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Partial downtown Stanfield building collapse closes restaurant, forces out tenants

Moisture from snow and ice may have weakened building structure

By Jayati Ramakrishnan

East Oregonian

Published on February 14, 2017 4:44PM

Last changed on February 14, 2017 9:25PM

The roof on the back half of the Pupuseria Blanquita lies in ruins on Tuesday in Stanfield.

Staff photo by E.J. Harris

The roof on the back half of the Pupuseria Blanquita lies in ruins on Tuesday in Stanfield.

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A sign warning about the structural instability of the building is hung on the door of the Pupuseria Blanquita on Tuesday in Stanfield.

Staff photo by E.J. Harris

A sign warning about the structural instability of the building is hung on the door of the Pupuseria Blanquita on Tuesday in Stanfield.

Buy this photo

Part of a downtown Stanfield building collapsed Friday afternoon, forcing a restaurant and several tenants out indefinitely.

The building, at 110 N. Main St., is home to the Blanquita Restaurant and Pupuseria, serving Salvadorian food, as well as four upstairs apartments.

Stanfield City Manager Blair Larsen said Stanfield police and Umatilla County Fire District 1 responded to the call and found the entire back side of the building had collapsed.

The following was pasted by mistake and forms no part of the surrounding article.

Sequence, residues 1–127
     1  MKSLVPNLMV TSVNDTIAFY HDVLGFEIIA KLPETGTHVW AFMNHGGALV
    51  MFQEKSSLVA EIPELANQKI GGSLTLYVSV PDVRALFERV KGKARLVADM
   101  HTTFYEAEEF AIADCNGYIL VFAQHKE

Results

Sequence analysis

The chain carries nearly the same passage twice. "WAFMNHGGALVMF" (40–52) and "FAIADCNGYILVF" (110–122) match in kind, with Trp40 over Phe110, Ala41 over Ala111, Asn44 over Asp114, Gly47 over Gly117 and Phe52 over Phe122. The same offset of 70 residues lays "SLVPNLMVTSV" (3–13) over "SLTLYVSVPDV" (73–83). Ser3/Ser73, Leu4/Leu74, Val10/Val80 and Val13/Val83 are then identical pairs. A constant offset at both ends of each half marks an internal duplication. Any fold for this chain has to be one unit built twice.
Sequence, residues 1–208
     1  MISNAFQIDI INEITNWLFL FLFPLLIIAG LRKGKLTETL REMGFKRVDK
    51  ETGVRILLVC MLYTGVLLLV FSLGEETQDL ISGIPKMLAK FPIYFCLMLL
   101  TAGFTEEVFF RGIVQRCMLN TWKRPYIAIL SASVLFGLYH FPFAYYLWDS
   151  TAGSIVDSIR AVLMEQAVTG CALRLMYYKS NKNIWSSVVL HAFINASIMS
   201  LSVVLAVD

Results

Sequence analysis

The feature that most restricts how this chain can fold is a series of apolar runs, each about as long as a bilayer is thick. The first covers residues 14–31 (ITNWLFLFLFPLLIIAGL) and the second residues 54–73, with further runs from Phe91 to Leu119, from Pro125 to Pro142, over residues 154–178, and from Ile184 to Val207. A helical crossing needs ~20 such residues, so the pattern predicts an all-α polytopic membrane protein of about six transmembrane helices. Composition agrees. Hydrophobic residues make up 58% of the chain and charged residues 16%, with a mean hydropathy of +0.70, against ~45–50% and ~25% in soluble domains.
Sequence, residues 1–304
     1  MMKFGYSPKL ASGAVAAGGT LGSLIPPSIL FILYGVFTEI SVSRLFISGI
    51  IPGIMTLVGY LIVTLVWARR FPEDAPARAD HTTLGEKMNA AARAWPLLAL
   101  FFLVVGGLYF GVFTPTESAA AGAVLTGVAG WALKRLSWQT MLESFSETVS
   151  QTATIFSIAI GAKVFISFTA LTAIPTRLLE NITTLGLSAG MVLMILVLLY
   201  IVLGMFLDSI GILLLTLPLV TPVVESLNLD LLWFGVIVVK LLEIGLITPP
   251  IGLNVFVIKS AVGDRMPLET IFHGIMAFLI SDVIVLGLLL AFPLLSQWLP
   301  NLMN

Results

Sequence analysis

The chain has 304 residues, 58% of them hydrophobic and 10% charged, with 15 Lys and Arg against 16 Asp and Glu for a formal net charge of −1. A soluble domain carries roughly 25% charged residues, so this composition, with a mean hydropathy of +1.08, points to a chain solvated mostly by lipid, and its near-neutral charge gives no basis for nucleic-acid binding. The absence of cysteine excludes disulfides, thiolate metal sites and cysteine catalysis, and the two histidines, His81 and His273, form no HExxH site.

The back area is used for parties and special events but is not occupied full-time. No one was in that area at the time of collapse.

Larsen said an inspection has not been conducted yet, but the fire department suspects the collapse was caused by ice and snow on top of the building that started to melt and leaked into the structure.

“The moisture may have weakened the beams,” Larsen said.

Larsen said the city has attempted to contact the owners, Antonio and Filberto Chavez, but has not yet heard back from them. The building has been shut down and a dangerous building ordinance has been placed on the structure barring entry. In order to lift that ban, Larsen said the building must be repaired and has to pass another safety inspection.

The restaurant’s operators, Moises Torres and Blanca Orellano, could not be reached for comment by press time, and the number of people living in the building was not known.



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